The Advanced Laser Interferometer Gravitational Wave Observatory (LIGO) is back on track. After almost 11 months closed, LIGO is ready to perceive gravitational waves.
After being closed since January and under constant evaluation, Advanced LIGO is now functioning and has detected a few gravitational waves successfully. The first detection occurred during an engineering test that went from September 2015 to January 2016. However, it was not until February, 14 months later, that the LIGO team confirmed it had happened. Then, researchers exposed a second gravitational wave in June.
A gravitational wave is a ripple in spacetime caused by the collision of two or more black holes or neutron stars. These elements are among the heaviest ones in the universe, and when they crash one to another, they release enormous amounts of energy
This explanation was made by Alfred Einstein, back in 1916, in his theory of general relativity. Last February, a group of scientists from LIGO’s Hanford and Livingston observatories announced to the world that they had captured the sound of the smash of two black holes colliding at the speed of light that were at more than 1 billion light years away. This represented the confirmation of Einstein’s theory, a hundred years after its elaboration.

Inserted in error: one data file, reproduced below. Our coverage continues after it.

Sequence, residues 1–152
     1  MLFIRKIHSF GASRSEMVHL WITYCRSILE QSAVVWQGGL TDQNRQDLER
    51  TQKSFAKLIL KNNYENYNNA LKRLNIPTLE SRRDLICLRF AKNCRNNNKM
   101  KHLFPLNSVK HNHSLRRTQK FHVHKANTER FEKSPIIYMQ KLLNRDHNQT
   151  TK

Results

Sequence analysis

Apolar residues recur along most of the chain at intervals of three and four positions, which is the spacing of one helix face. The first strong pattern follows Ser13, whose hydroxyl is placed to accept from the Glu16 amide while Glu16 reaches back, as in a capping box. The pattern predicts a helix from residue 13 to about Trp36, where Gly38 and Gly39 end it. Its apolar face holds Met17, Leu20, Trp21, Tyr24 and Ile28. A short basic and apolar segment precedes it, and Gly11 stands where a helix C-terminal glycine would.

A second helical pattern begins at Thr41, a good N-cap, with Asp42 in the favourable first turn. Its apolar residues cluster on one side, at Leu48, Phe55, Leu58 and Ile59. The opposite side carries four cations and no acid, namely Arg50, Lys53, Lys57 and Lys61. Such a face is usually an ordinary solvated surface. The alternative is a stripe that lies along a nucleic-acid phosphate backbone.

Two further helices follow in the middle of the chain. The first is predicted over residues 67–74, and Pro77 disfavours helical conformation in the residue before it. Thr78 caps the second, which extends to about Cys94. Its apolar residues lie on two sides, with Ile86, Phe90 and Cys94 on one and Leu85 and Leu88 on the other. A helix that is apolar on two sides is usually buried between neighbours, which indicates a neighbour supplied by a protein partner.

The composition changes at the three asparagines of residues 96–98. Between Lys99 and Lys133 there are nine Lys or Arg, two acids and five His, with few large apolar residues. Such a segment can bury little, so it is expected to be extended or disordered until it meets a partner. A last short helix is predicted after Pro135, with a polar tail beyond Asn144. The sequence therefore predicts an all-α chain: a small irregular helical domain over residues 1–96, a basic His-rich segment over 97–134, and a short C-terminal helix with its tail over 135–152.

“The significance of this expanding ‘window to the universe’ cannot be stressed enough, as it will illuminate the physics of merging black holes, neutron stars and other astronomical phenomena that cannot be reproduced in a laboratory setting,” said National Science Foundation Director France Córdova in a statement.
The team in charge of the LIGO project are scientists from Caltech and the MIT.
The new Advanced LIGO is much better
An earlier version of this project was presented at the beginning of the 2000s but failed to recollect any gravitational wave. On the other hand, during the first trial of the Advanced LIGO, it perceived its first spacetime phenomenon.
The team of researchers is optimistic on making the Advanced LIGO even better. They had made some upgrades that responded quite positively in a six-month testing period. In this time, they were able to include to the LIGO some properties that will enhance the overall development significantly.
Now, the Laser Interferometer has the possibility to reduce the amount of noise (scattered light) and the ability to see waves 75 percent wider than before. This translates to LIGO now having more sensitivity at lower frequencies, in which most of the collisions occur.
The LIGO team is looking forward to being able to recollect gravitational waves with different origins, in the short-term. This is one of the group’s primary objectives.
Alongside LIGO twins from Hanford, Washington, and Livingston, Louisiana, there is a third observatory that hopes to be included in the project. Italian Virgo is expected to join next spring to expand the capacities and enhance the project development.